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Middle School Science (0439)

5. Safety and emergency procedures in the laboratory · Equipment (e.g., eyewash stations, safety showers) · Appropriate student apparel and behavior (e.g., goggles, clothing) · Emergency procedures for minor burns and other injuries · Emergency procedures for mishaps (e.g., fires, chemical spills) · Evacuation procedures 6. How to use standard equipment in the laboratory · Appropriate use of equipment (e.g., thermometers, microscopes, barometers, graduated cylinders, Bunsen burners, balances, pH meters) · Basic care, preparation, and maintenance of equipment 7. Historical developments of science and the contributions of major historical figures · How major concepts developed over time (e.g., atomic models, genetics, plate tectonics) · Key historical figures and their contributions II. Basic Principles 1. Structure and properties of matter · Solids, liquids, gases, and plasmas · Elements, atoms, compounds, molecules, and mixtures · Occurrence and abundance of the elements and their isotopes

2. Basic relationships between energy and matter · Conservation of energy (first law of thermodynamics) · Entropy changes (second law of thermodynamics) · Conservation of matter in chemical systems · Forms of kinetic and potential energy (thermal, chemical, radiant, mechanical) · Energy transformations · Chemical and physical properties/changes · Temperature scales (e.g., Celsius, Fahrenheit, and Kelvin; comparisons and conversions between the scales) · Effect of thermal energy on matter and the measurement of thermal energy (e.g., specific heat capacity, joules) · Methods of heat transfer (e.g., convection, radiation, conduction) · Interdisciplinary applications of energy and matter relationships ­ Trophic levels ­ Matter cycling and energy flow in ecosystems ­ Convection currents in atmosphere, ocean, and mantle ­ Conservation of mass in the rock cycle ­ Nitrogen cycle ­ Chemical and physical changes in rocks ­ Impact of solar radiation on Earth and life ­ Photosynthesis and cellular respiration ­ Energy transformations in living systems 3. Basic structure of the atom · Atomic models · Atomic structure including electrons, protons, and neutrons · Atomic number and mass · Ions · Electron arrangements · Radioisotopes, radioactive decay, half-life, fusion, and fission · Applications of radioactivity (e.g., carbon dating, evidence for evolution, medical imaging)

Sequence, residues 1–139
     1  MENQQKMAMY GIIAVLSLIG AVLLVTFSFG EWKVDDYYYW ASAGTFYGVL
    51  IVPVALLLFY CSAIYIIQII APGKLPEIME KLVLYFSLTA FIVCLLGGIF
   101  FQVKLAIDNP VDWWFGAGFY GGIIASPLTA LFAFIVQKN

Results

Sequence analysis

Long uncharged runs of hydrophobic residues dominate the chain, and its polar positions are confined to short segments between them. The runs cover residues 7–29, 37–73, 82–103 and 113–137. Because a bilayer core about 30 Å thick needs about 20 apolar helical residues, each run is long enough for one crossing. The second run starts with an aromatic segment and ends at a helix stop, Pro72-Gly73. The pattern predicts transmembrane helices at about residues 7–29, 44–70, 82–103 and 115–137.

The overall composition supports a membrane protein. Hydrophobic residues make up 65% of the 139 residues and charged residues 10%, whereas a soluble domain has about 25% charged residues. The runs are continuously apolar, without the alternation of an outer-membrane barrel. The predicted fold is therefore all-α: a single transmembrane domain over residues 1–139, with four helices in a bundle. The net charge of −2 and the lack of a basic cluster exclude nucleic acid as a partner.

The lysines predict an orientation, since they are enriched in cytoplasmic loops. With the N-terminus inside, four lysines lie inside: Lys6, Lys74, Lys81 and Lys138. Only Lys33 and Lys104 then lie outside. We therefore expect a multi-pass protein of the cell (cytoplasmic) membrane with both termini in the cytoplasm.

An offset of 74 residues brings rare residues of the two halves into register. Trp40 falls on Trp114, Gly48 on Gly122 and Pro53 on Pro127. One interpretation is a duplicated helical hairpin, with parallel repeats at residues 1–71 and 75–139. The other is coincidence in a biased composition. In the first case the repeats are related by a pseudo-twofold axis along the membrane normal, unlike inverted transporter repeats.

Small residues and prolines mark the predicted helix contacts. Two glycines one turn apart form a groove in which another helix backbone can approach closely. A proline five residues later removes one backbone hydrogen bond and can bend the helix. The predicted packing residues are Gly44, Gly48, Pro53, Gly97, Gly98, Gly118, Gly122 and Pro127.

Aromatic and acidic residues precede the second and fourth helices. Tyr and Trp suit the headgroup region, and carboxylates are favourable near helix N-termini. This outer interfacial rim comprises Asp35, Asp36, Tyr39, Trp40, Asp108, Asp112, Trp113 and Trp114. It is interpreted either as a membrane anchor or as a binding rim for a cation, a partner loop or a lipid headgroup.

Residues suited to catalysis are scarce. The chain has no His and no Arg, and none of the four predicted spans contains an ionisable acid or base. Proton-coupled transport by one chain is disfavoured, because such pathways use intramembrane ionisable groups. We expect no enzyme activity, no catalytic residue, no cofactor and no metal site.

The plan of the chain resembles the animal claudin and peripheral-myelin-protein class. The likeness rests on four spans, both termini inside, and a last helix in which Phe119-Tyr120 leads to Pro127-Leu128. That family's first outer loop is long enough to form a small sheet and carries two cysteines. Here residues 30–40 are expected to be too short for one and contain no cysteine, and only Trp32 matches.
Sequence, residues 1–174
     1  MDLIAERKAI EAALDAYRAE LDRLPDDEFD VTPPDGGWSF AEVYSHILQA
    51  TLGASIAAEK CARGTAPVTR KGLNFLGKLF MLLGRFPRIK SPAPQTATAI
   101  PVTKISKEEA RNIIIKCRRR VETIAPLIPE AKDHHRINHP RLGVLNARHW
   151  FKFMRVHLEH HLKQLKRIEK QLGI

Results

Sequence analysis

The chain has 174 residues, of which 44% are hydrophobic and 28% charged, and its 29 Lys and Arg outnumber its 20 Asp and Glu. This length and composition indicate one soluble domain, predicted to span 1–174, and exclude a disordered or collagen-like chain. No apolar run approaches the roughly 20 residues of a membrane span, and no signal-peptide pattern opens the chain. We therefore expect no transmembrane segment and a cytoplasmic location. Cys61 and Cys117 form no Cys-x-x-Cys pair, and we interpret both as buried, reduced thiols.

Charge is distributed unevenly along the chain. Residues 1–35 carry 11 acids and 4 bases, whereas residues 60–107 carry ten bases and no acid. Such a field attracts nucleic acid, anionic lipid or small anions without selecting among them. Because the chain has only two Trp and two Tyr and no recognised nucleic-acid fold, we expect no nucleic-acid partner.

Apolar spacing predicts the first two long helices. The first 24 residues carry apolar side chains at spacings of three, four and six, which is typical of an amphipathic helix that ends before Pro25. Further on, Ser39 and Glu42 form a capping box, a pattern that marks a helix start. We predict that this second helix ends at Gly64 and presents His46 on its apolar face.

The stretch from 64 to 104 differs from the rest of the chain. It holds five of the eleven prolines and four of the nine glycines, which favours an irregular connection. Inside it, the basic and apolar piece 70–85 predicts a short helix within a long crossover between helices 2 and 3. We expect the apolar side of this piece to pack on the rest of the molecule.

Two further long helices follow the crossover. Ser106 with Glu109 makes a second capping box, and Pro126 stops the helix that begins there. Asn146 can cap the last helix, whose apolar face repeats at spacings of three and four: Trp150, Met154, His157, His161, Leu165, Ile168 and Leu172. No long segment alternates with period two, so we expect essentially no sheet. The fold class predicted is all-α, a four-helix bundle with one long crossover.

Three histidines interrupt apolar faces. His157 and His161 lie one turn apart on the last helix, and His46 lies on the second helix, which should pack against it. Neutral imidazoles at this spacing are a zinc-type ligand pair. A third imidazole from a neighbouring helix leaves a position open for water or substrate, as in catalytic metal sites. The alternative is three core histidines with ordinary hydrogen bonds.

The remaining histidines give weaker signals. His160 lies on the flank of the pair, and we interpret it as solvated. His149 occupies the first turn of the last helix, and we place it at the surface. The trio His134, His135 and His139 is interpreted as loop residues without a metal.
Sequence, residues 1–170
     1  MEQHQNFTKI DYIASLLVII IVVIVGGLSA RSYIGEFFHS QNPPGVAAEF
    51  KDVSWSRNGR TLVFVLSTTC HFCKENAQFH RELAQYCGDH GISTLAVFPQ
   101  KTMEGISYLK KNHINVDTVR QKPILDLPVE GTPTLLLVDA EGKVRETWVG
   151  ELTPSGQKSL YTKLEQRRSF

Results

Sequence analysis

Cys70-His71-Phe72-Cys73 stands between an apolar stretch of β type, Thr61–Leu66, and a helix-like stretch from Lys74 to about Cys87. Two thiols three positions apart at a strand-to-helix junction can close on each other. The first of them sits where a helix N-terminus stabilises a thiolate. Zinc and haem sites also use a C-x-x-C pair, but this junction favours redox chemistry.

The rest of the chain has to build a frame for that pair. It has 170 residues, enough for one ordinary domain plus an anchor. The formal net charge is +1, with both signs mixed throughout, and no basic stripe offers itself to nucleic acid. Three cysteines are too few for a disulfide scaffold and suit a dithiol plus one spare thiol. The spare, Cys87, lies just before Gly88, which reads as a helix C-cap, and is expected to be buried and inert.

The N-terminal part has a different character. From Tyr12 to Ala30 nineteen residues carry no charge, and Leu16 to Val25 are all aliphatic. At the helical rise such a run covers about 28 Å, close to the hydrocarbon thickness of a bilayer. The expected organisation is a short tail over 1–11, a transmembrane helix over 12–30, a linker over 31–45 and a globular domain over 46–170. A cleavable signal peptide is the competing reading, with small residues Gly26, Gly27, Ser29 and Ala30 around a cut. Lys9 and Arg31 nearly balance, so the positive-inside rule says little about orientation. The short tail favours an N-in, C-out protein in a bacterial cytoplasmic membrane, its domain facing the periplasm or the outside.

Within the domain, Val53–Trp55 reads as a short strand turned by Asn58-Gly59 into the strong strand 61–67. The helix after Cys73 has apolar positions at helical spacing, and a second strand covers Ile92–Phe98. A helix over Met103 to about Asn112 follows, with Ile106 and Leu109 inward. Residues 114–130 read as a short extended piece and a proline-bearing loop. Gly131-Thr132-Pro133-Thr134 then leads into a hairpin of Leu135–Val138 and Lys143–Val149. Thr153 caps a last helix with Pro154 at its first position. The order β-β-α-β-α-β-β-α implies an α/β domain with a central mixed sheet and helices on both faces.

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Middle School Science (0439)

III. Physical Sciences Physics 1. Mechanics · Describe linear and circular motion in one and two dimensions ­ ­ ­ ­ Speed Velocity Acceleration Momentum

· Analyze basic series and parallel electrical circuits ­ ­ ­ ­ DC and AC current Current, resistance, voltage, and power Ohm's law Voltage sources (e.g., batteries, generators)

· Magnetic fields and forces ­ Magnetic materials ­ Magnetic forces and fields (e.g., magnetic poles, attractive and repulsive forces) ­ Electromagnets 3. Basic waves and optics · Characteristics of light and the electromagnetic spectrum ­ Nature of light ­ Visible spectrum and color ­ Ultraviolet, infrared, microwave, and gamma · Basic characteristics and types of waves ­ Transverse and longitudinal ­ Frequency, amplitude, wavelength, speed, intensity · Basic wave phenomena ­ Reflection, refraction, diffraction, and dispersion ­ Absorption and transmission ­ Interference, scattering, and polarization ­ Doppler effect · Basic characteristics and phenomena of sound ­ Pitch/frequency and loudness/intensity ­ Sound-wave production, air vibrations, and resonance (e.g., tuning forks) · Basic optics ­ Mirrors ­ Lenses and their applications (e.g., the human eye, microscope, telescope) ­ Prisms ­ Fiber optics

· Newton's first law: inertia · Friction · Work, energy, and power · Mass, weight, and gravity ­ Characteristics of gravitation (e.g., gravitational attraction, acceleration due to gravity, mass, distance) ­ Distinguish between mass and weight · Analyze motion and forces in a physical situation, including basic problems ­ ­ ­ ­ ­ ­ Newton's second law: F = ma Newton's third law: action-reaction forces Inclined planes Collisions Projectile motion Periodic motion (e.g., pendulums, springs, planetary orbits) ­ Conservation of energy and conservation of momentum · Simple machines and mechanical advantage · Physical properties of fluids (e.g., buoyancy, density, pressure) 2. Electricity and magnetism · Electrical nature of materials ­ Electric charges ­ Electrostatic attraction and repulsion ­ Conductivity, conductors, and insulators

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Middle School Science (0439)